AEI has more stats and an interesting paragraph on "American Exceptionalism:"
Given the almost gravitational pull of social aging and population decline on Western population profiles during the coming generations, one of the most surprising findings of the UNPD report is how very resistant the United States looks to these common trends. America’s demography looks very different from that of other developed countries—thus, in important respects, America may not share their demographic future.
For a developed country, America’s fertility levels today are remarkably high. Apart from tiny Iceland, the estimated total U.S. fertility rate in the late 1990s was actually the highest in the developed world: just over 2 births per woman per lifetime, versus an average of 1.4 births per lifetime for the rest of the grouping. America’s changing ethnic composition (according to the Census Bureau, Hispanic-Americans now equal African-Americans in total numbers) accounts for part of this difference—but only part. "Non-Hispanic white" American women are currently having 1.7 births per lifetime.
By both historical tradition and current practice, the United States is favorably disposed toward immigration: In the late 1990s, America took in almost half of all the newcomers absorbed by the developed countries. Thanks to these twin characteristics—relatively high fertility and relatively high levels of immigration—the United States is set to chart a different course from the rest of the Western world in the decades ahead.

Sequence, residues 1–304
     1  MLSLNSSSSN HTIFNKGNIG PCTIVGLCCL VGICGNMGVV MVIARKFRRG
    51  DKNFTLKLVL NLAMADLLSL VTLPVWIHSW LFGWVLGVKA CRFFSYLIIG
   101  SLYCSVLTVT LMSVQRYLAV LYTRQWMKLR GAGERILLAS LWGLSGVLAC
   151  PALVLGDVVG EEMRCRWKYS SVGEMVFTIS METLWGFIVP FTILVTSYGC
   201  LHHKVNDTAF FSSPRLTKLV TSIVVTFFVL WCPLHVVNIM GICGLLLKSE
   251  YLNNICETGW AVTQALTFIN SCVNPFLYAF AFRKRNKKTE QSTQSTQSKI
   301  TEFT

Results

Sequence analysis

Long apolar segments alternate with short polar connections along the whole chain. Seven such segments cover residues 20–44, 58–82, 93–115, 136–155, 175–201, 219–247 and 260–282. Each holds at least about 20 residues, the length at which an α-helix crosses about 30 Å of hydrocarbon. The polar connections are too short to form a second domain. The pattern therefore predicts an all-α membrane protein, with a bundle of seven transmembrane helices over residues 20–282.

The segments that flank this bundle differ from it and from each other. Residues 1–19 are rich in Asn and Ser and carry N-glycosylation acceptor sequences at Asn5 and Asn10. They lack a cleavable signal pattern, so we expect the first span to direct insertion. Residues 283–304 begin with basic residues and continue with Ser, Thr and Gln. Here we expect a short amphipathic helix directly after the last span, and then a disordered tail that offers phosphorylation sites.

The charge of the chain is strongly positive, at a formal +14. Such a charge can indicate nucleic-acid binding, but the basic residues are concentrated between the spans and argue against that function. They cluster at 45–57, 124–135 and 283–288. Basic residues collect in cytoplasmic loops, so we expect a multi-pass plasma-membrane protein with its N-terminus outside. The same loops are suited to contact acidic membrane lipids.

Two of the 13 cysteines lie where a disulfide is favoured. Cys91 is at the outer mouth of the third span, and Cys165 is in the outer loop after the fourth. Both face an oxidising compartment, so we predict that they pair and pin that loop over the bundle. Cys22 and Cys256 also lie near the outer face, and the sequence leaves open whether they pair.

For one thing, America’s population, while aging, is nonetheless likely to remain distinctly younger than the rest of the West’s. The UNPD’s "medium" scenario illustrates the point: In 2050, median age in America would be about forty-one years (it’s currently thirty-six)—but in the rest of the West, it would be over forty-nine years. No other now-developed country would have such a young populace: In fact, in these projections America’s age profile would be far closer to that of the future Mexico than that of the future Europe. If social aging is a worry, the United States will have to worry that much less.
Unlike the rest of the West, moreover, the United States is poised for continued population growth over the coming decades. Again, the "medium" scenario is illustrative: Where other developed countries as a group shrink by 15 percent between now and 2050, the United States grows by about 40 percent—more than any other now-developed nation.
Today America is the world’s third largest country; fifty years from now, in the UNPD’s "medium" scenario, it is still third (after only India and China). But the relative balance between the United States and other areas would also shift in some interesting directions. There are now two Americans for every Russian. In 2050, the ratio would be four to one—and there would also be almost four Americans for every Japanese. Even if the current membership of the European Union were to form a single state, its projected 2050 population would be significantly smaller than America’s. To the extent that population matters in international affairs, America’s demographic prospects would seem to support—or even enhance—U.S. global influence in the years ahead.
Of course, the ABC TV story had to have the obligatory bleat by a skeletor look-alike named Paul Ehrlich moaning than these children will buy cars and otherwise participate in a capitalist economy---contributing to global warming and God-knows what else. Ehrlich had that eunuch look of die-hard lefties & lifetime loo-zers.
Thankfully, Death-warmed-over urban degenerates like Ehrlich do not represent the mass of American people---whose collective wisdom Bill Clinton used to sing the praises of incessantly, until they voted in the Republicans.